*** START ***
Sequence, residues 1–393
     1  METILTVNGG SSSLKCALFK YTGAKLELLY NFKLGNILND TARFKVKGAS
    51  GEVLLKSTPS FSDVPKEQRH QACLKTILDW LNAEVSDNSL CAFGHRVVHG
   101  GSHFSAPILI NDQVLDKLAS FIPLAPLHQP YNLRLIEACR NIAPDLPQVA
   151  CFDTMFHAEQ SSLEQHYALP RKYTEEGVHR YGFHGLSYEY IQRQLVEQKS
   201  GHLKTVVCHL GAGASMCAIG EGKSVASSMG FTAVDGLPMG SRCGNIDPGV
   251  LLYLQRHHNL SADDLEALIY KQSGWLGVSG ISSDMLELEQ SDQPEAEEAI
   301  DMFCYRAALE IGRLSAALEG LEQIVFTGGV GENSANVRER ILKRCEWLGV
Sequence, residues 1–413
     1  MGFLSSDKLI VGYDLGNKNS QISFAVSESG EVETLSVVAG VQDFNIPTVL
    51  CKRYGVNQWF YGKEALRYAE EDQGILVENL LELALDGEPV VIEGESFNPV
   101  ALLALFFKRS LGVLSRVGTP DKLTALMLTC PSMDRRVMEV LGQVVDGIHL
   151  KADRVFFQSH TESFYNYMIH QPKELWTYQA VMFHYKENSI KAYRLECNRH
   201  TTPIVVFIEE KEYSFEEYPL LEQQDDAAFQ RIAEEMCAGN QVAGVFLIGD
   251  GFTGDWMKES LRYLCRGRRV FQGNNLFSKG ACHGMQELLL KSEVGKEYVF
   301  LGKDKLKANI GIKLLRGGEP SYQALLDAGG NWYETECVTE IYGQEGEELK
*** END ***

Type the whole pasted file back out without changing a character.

Sequence, residues 1–393
     1  METILTVNGG SSSLKCALFK YTGAKLELLY NFKLGNILND TARFKVKGAS
    51  GEVLLKSTPS FSDVPKEQRH QACLKTILDW LNAEVSDNSL CAFGHRVVHG
   101  GSHFSAPILI NDQVLDKLAS FIPLAPLHQP YNLRLIEACR NIAPDLPQVA
   151  CFDTMFHAEQ SSLEQHYALP RKYTEEGVHR YGFHGLSYEY IQRQLVEQKS
   201  GHLKTVVCHL GAGASMCAIG EGKSVASSMG FTAVDGLPMG SRCGNIDPGV
   251  LLYLQRHHNL SADDLEALIY KQSGWLGVSG ISSDMLELEQ SDQPEAEEAI
   301  DMFCYRAALE IGRLSAALEG LEQIVFTGGV GENSANVRER ILKRCEWLGV
Sequence, residues 1–413
     1  MGFLSSDKLI VGYDLGNKNS QISFAVSESG EVETLSVVAG VQDFNIPTVL
    51  CKRYGVNQWF YGKEALRYAE EDQGILVENL LELALDGEPV VIEGESFNPV
   101  ALLALFFKRS LGVLSRVGTP DKLTALMLTC PSMDRRVMEV LGQVVDGIHL
   151  KADRVFFQSH TESFYNYMIH QPKELWTYQA VMFHYKENSI KAYRLECNRH
   201  TTPIVVFIEE KEYSFEEYPL LEQQDDAAFQ RIAEEMCAGN QVAGVFLIGD
   251  GFTGDWMKES LRYLCRGRRV FQGNNLFSKG ACHGMQELLL KSEVGKEYVF
   301  LGKDKLKANI GIKLLRGGEP SYQALLDAGG NWYETECVTE IYGQEGEELK